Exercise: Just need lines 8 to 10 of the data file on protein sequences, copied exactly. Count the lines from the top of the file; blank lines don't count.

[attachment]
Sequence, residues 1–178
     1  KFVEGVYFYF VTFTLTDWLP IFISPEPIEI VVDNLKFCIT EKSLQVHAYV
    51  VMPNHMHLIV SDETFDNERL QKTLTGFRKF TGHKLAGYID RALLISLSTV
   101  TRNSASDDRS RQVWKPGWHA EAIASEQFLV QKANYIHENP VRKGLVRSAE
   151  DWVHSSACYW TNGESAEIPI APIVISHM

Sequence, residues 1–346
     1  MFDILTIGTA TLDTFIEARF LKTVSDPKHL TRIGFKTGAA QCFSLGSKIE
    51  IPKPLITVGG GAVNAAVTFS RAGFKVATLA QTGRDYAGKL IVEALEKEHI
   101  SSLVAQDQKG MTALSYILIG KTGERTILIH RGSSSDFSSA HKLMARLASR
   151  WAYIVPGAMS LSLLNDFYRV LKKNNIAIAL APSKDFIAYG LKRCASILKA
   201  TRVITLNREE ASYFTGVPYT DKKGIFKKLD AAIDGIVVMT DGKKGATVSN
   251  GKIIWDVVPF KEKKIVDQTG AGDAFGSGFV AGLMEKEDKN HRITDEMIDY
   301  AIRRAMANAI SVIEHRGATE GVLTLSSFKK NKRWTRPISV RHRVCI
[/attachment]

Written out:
    51  IPKPLITVGG GAVNAAVTFS RAGFKVATLA QTGRDYAGKL IVEALEKEHI
   101  SSLVAQDQKG MTALSYILIG KTGERTILIH RGSSSDFSSA HKLMARLASR
   151  WAYIVPGAMS LSLLNDFYRV LKKNNIAIAL APSKDFIAYG LKRCASILKA